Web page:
More can always be done, of course, to further make the nation’s roadways safe. And the introduction of electronic gadgets that people can talk, watch(!) and listen to while driving is a problem. But we seem to be in sight of the limit of what is achievable in highway safety, thanks to the efforts of all the above.

    As far as letting trucks go 65, they’re doing it now. Raise it to 65 and they’ll be doing 75. I do agree it’d be nice if all vehicles could travel at roughly the same rate of speed for operational reasons. However, the public would not stand for lowering the overall freeway speed back to 55 to achieve it, and raising trucks to 65 would introduce the other issues caused by the physics of a large vehicle, so I say leave it like it is.

  8. - Little Egypt - Friday, Sep 28, 07 @ 1:04 pm:

    When did the speed limit for trucks go down to 55? I haven’t passed a truck on an interstate in years.

  9. - Esteban - Friday, Sep 28, 07 @ 1:10 pm:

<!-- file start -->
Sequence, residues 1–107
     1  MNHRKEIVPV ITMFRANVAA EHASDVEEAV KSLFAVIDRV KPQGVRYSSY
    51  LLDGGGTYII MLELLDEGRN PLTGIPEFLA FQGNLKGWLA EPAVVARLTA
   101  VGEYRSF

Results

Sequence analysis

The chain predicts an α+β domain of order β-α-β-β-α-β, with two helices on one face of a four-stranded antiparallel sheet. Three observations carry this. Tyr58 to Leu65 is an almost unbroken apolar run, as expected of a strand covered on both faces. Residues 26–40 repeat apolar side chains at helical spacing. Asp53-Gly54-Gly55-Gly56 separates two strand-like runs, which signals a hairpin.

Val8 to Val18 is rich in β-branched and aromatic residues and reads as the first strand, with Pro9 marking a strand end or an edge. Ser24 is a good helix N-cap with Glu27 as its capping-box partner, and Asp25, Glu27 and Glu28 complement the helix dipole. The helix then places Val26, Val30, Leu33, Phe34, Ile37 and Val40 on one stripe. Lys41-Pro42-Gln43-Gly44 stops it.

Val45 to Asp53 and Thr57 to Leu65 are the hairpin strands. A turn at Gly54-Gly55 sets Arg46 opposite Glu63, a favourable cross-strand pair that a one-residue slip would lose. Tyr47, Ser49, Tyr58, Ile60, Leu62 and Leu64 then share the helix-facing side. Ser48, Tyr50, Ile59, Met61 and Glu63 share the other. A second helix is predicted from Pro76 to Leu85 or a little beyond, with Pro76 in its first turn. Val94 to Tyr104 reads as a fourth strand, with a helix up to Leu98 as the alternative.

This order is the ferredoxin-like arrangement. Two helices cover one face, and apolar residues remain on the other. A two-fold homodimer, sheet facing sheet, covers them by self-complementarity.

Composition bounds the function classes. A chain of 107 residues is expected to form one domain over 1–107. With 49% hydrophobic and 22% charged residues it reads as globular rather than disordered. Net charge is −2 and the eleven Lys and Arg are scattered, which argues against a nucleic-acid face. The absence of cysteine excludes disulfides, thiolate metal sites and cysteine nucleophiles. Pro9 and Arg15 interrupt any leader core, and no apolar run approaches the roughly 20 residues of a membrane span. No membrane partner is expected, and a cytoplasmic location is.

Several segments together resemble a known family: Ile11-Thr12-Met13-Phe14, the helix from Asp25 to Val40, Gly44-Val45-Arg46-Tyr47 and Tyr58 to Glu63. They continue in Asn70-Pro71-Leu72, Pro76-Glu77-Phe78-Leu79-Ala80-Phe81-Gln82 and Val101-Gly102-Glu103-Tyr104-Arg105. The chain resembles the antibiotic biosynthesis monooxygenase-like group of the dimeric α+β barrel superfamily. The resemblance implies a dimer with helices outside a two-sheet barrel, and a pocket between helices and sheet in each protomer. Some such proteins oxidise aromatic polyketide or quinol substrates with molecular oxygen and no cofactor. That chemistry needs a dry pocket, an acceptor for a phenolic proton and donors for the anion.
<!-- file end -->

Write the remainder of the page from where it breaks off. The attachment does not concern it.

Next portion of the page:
Most of the semis on the road don’t seem to obey
    the speed limit now.

  10. - Lainer - Friday, Sep 28, 07 @ 1:14 pm:

    I believe highway fatality rates peaked sometime in the late 1960s, right around the time of Ralph Nader’s “Unsafe at Any Speed” and before the 1970s energy crisis curtailed speeds and driving overall.
    I seem to recall that in the 1970s, it was often reported that as many, or nearly as many, Americans died on the highways every year as died in all 10 years of the Vietnam War (58,000). So really, that drastic decrease in death rates has for the most part taken place within the last 40 years.

  11. - Muskrat - Friday, Sep 28, 07 @ 1:24 pm:

    Not-so-sly on the gov’s part to emphasize “trucks” and “safety,” huh. And I’m not bowled over by the stats - sounds like the vast majority of traffic deaths are non-truck… still, it’ll save a few gallons of diesel a year, so why not? It’s not like a shipment of widgets cares whether it takes an extra 45 minutes to get from Chicago to St. Louis….

  12. - Excuse Me But.... - Friday, Sep 28, 07 @ 1:28 pm:

    Those traveling on Interstates & tollways. How many trucks do you see traveling at 55mph? If Gov Ludicrous wants to lower crashes and deaths, maybe he ought to put more Troopers per hour on the roads and do more enforcement.

  13. - He makes Ryan Look like a Saint - Friday, Sep 28, 07 @ 1:34 pm: